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 Literary irritations .... 
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Lieutenant

Joined: Sat Oct 11, 2008 10:13 am
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Location: Sussex, England
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I’d still go with: "HMS Surprise is…" (and I would have put Surprise in italics, but I cannot seem to manage it!).

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Badger


Wed Jan 21, 2009 4:56 pm
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Badger wrote:
I’d still go with: "HMS Surprise is…" (and I would have put Surprise in italics, but I cannot seem to manage it!).

Fair enough. If you look at the web-page, you will be doubly irritated to notice that both "HMS" and "Surprise" are in italics! There is some rather peculiar grammar later in the same paragraph.


Wed Jan 21, 2009 5:23 pm
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Lieutenant

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Martin Evans wrote:
Badger wrote:
I hate "the" before HMS: we went to see the HMS Victory... (and to be a real pedant, when HMS is in italics along with the name).

It makes me cross too, especially when I hear BBC announcers use it - they should know better, surely.
What do you make of it in the context of this page of <a href="http://tallship.typepad.com/">Traditional Boats & Tall Ships Magazine</a>? At the bottom of this page there is an entry that begins: "The HMS Surprise is arguably one of the most well-known vessels in naval fiction..." Do you think that it is OK to prefix "the" here, since "HMS Surprise" is the complete name of a fictional ship?


HMS Surprise was a non-fictional, real, actual ship. She was the French corvette Unite, captured in 1796, renamed HMS Surprise, 28, and sold in 1802. She famously was the ship that recaptured the Hermione. :D

-clash

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Thu Jan 22, 2009 9:03 pm
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Midshipman

Joined: Wed Nov 05, 2008 8:37 pm
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Location: Jersey City, NJ
Post Re: Footnotes
susan wrote:
timoneer wrote:
Mil Goose wrote:
...better than none at all, Don; I find that even more annoying.

One of my few complaints about POB.

Probably a practical matter. Footnotes would have doubled the length of his books. :D


One of the things that I love about POB is that the obscure references can be ignored or be researched,as time permits. Footnotes would take some of the fun out of it.


Fri Jan 23, 2009 2:25 am
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Midshipman

Joined: Wed Nov 05, 2008 8:37 pm
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Over time I have become more of a jargon agnostic. Knots per hour use to annoy me, until I saw it entered on a period ship's log.

I now get amused by the POBers who get worked up over calling an ocean-going vessel with fewer that three square rigged masts a ship. Yes, I know that in the late 17th and early 18th centuries the convention shifted from labeling vessels by hull form to labeling them by rig, (with a few notable exceptions, such a sloop of war which could be anything from a ketch to ship rigged.)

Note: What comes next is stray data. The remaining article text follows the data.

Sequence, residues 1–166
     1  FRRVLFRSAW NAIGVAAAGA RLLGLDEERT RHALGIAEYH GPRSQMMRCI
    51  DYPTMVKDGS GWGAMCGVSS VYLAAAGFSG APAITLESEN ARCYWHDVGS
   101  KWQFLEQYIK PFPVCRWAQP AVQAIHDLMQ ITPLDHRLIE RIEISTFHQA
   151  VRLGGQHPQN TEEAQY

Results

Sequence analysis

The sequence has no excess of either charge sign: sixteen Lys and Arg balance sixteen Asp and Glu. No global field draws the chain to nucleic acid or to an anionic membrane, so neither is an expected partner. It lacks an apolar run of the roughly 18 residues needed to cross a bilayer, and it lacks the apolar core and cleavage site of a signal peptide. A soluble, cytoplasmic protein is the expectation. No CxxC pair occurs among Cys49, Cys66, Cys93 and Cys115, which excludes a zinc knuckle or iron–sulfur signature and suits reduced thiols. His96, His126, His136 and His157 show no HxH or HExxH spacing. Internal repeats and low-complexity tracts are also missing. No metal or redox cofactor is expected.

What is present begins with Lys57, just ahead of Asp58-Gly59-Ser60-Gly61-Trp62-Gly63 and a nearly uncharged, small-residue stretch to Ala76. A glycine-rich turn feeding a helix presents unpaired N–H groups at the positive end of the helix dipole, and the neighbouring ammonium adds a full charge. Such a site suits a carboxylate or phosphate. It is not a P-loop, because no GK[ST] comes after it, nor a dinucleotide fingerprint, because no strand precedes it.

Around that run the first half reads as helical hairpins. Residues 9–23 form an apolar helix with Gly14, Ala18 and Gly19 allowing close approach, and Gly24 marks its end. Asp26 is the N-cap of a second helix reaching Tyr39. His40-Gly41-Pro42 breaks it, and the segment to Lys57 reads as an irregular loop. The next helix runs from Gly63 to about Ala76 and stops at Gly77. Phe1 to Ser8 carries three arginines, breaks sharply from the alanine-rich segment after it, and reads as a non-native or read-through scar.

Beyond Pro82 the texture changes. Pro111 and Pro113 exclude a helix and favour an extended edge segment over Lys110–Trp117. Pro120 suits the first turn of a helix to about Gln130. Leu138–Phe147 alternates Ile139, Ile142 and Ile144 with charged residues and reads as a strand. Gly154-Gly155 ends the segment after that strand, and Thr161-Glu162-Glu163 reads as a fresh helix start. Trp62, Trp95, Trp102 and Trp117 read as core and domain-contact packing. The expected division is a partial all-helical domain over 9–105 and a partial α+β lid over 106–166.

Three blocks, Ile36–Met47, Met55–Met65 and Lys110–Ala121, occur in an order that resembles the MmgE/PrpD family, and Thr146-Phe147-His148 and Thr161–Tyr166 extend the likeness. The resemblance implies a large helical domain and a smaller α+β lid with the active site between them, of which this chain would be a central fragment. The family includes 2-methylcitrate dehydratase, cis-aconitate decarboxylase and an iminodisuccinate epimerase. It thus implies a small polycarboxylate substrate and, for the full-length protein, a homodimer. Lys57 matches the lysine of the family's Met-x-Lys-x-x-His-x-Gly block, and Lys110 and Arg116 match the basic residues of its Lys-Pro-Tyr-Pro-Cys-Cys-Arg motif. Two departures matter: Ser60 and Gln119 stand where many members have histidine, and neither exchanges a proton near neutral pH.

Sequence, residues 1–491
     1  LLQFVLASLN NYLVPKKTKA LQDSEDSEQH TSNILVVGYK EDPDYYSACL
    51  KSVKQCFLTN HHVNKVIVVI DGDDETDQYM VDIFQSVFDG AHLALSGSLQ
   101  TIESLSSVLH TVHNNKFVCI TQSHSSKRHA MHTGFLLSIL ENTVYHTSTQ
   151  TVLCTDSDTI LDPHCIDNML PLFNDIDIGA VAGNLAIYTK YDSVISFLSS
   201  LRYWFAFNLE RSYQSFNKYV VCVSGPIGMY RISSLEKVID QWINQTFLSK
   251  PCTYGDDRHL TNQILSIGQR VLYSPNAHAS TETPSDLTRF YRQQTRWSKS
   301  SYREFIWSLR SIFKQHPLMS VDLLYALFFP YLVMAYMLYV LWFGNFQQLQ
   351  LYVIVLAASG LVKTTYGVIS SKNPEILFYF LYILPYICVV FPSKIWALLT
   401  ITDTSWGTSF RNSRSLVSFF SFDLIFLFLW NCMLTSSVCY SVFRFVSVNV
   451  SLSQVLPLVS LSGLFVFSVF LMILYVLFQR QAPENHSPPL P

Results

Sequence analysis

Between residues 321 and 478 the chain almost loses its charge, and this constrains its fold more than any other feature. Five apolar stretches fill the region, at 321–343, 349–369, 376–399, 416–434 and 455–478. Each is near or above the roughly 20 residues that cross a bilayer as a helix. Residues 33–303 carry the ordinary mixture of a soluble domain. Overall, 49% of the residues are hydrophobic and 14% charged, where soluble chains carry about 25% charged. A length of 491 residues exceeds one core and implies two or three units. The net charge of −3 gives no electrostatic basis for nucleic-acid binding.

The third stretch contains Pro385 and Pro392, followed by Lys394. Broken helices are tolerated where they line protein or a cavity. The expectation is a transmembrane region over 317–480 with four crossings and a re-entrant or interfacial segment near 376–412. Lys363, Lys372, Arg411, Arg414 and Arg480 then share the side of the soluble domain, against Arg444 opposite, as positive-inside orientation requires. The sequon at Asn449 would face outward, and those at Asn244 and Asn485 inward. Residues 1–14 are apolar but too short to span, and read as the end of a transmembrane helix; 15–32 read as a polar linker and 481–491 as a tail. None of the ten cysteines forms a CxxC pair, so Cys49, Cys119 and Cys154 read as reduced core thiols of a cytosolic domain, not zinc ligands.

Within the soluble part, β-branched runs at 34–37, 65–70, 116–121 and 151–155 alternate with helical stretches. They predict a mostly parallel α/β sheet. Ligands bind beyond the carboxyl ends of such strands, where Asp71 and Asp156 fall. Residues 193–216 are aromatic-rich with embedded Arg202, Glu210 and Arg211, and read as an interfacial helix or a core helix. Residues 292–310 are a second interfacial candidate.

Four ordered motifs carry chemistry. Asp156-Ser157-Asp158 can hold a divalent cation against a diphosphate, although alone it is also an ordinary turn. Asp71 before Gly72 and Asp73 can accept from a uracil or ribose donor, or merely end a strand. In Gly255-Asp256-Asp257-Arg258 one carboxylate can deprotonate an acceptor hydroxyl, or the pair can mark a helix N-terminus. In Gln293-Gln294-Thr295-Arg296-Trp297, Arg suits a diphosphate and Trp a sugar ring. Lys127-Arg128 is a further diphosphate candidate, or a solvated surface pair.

I recall once when someone jumped all over me for referring to a brig as ship. It just wasn't done. You would have been laughed at, only a lubber would call a brig a ship, and so on, at some length. Of course, if one looks up "brig" in Falconer, he defines a brig as "a merchant-ship with two masts". What else could it be other than a ship?

I enjoy discovering new jargon, but try not to be too rigid in its use.

Rick Spilman
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Fri Jan 23, 2009 2:50 am
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Post Re: Literary irritations .... Obscenities
I am currently reading a novel with what I think has an excessive use of the "F" word. Some use of that word does not bother me but this word popped up too often IMO.

Authors writing in the Age of Sail have plenty of colorful and varied obscenities to pick from; enough that any obscenity should not have to be repeated often.

I do not consider myself a prude in any way. I just finished reading a (non-AoS) series that contained many uses of this same word. I thought the series was incredibly good and had no objection to any of the obscenities.

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Sun Aug 22, 2010 10:05 pm
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Post Re: Literary irritations ....overuse of the same word
I dislike it when an author uses the same word too frequently. One author (that I really like) irks me with the too frequent used of the word "sanguine" (in the sense of optimistic). It’s like he doesn’t own a thesaurus.

And... since sanguine has several meanings, I do a double-take every time I see it.

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Fri Aug 27, 2010 5:17 am
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